Last refugee held on Nauru arrives in Australia
Foreign News

Last refugee held on Nauru arrives in Australia

The last refugee held on the Pacific island of Nauru under Australia’s notorious offshore detention policy has been evacuated to Australia, according to refugee advocacy groups.

The man arrived in Australia on Saturday night.

This was after Prime Minister Anthony Albanese, said it would end a policy in place for more than 10 years.

“Over the past decade, our government stood by and witnessed abuse, assault, neglect, harm and suffering in offshore detention,” Jana Favero said in a statement on Sunday.
Favero is Director of Advocacy at the Asylum Seeker Resource Centre.
“Men, women and children sought safety and protection, yet we banished them simply for the sake of politics.
“We are thankful that the Albanese government has taken action and evacuated the last remaining refugees from Nauru.
“One chapter of misery is over.”
Australia resumed sending refugees to Nauru in 2013 under a previously abandoned offshore detention policy.
The government claimed the policy was necessary to stop people travelling to Australia in small boats.
They told such arrivals, detained in Papua New Guinea (PNG), they would never have the right to settle in Australia.
This is so, even if they have a valid claim for protection.
Refugee groups say the government sent 3,127 people to Nauru and PNG.
Many of them were suffering from mental and physical health problems due to their prolonged detention and separation from their families.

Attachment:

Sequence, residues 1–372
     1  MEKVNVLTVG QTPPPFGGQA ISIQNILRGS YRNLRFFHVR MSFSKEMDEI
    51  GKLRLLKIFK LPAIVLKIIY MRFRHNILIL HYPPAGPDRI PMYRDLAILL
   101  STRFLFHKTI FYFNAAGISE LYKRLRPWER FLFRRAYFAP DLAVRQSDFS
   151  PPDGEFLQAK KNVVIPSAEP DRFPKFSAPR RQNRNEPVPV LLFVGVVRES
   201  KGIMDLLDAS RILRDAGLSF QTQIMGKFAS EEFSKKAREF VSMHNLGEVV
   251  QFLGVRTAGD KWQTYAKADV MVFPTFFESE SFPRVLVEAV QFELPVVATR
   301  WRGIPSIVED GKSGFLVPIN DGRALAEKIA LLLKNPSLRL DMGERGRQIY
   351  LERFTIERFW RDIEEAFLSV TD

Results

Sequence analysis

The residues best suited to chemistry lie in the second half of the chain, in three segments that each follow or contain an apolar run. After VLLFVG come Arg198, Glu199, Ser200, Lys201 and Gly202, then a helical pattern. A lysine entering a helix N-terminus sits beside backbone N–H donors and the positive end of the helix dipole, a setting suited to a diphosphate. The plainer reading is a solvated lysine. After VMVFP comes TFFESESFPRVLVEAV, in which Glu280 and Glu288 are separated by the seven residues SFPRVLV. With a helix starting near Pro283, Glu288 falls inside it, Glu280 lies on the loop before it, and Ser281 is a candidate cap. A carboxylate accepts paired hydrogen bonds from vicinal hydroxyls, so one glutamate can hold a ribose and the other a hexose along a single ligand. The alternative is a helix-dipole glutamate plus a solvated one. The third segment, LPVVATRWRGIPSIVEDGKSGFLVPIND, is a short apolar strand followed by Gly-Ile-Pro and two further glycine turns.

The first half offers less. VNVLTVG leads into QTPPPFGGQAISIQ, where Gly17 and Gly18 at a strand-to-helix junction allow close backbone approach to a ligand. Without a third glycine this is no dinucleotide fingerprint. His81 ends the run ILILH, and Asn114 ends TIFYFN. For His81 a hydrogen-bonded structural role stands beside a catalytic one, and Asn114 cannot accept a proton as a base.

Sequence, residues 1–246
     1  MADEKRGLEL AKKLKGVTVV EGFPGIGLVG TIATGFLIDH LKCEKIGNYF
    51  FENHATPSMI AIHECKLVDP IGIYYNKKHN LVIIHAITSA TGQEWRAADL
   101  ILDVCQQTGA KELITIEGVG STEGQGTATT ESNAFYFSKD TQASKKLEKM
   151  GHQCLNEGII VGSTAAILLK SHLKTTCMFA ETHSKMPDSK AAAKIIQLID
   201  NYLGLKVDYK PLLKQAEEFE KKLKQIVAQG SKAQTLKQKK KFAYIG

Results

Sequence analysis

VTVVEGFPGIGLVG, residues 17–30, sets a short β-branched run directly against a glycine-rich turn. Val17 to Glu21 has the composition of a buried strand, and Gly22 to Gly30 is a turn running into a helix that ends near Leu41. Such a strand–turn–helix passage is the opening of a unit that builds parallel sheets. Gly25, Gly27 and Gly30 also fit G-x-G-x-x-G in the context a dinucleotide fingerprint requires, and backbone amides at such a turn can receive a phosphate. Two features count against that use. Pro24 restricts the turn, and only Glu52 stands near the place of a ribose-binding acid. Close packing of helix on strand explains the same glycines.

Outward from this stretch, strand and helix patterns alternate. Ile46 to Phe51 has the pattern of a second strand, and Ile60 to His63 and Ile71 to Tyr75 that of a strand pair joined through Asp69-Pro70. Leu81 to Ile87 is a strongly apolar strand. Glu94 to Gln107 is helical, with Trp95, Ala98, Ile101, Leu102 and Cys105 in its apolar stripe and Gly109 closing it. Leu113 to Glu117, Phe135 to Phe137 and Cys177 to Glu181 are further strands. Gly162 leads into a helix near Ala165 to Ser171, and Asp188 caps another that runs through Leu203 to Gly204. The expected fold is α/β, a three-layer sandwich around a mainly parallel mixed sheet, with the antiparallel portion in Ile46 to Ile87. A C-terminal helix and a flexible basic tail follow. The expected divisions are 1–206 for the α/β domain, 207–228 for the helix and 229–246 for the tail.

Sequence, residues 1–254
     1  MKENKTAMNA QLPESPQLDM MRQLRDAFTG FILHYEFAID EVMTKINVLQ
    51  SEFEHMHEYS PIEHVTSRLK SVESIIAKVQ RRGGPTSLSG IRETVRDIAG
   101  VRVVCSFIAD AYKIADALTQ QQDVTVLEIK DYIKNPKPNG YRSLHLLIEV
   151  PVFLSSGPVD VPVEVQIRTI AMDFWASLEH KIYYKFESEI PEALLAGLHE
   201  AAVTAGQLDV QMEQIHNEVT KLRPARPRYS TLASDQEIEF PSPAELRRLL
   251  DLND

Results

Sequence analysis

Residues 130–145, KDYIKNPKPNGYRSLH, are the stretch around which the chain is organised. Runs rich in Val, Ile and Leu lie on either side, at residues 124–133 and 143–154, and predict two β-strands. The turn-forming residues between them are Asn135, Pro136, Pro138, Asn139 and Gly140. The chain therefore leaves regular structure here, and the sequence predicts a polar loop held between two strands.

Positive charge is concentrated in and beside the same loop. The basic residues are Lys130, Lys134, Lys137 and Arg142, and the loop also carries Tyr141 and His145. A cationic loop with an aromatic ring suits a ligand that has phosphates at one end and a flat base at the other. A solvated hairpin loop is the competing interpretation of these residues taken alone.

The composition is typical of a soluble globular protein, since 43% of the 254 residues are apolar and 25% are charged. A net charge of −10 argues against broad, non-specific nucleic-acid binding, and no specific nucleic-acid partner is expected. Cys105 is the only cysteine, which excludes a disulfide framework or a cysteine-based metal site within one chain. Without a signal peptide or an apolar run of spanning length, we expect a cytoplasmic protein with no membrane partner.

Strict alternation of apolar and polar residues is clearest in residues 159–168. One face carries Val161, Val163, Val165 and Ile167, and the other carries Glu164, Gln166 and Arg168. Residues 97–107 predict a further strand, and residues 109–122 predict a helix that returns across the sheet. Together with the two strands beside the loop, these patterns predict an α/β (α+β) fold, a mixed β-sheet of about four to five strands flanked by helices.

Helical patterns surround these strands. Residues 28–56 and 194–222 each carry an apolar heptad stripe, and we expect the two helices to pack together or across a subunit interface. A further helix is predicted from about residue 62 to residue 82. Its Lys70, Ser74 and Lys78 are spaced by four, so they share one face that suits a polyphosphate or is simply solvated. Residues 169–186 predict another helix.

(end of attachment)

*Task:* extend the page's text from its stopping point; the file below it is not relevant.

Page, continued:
Refugee advocates, rights groups and the United Nations widely condemned the policy.
Some families forcibly separated under the scheme have taken their cases to the UN.

A short-lived medical evacuation programme brought some to Australia.

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Others have found permanent homes in other countries, including New Zealand and the United States.

Australia sent the remaining refugees back to the countries they had fled.
Some 80 people remain in PNG, and campaign groups say the government also needs to address their situation.

“Having spent billions to hold people in PNG, the Australian Government cannot just abandon them there.

Many need critical medical support – all need the option to come to Australia while resettlement options are found,” Marie Hapke, convener of the Australian Refugee Action Network, said in the statement.

Offshore processing first began around 2003 after an Indonesian fishing boat, carrying more than 400 refugees and asylum seekers, ran into trouble en route to Christmas Island, an Australian territory south of Java.

The crew of a Norwegian container ship – the Tampa – rescued them.

A standoff followed after the crew of the Tampa asked to dock on Christmas Island and Australia’s government told them to return to Indonesia.

Then Prime Minister John Howard, a conservative, came up with the ‘Pacific Solution’ to prevent the group from reaching Australia and brokered a deal with Nauru to take those rescued by the Tampa.

A Labour government elected to power in 2007 dropped the policy after elections.

But another different Labour government reinstated the policy in 2013.

This is as boat arrivals began to increase and elections loomed.

While Albanese has again signalled a break with the policy, his government also said it would continue to maintain the offshore detention facilities in Nauru.

This is as a “contingency” at the cost of millions of Australian dollars each year.

“The history of offshore detention and human rights abuses on Nauru will forever stain the record of both sides of Australian politics,” said Ian Rintoul of the Refugee Action Coalition.

“Though they committed no crime, refugees sent to Nauru lost 10 years of their lives.

“As long as Nauru remains ‘open’ and refugees remain in limbo in PNG, the dark chapter of offshore detention will close.”


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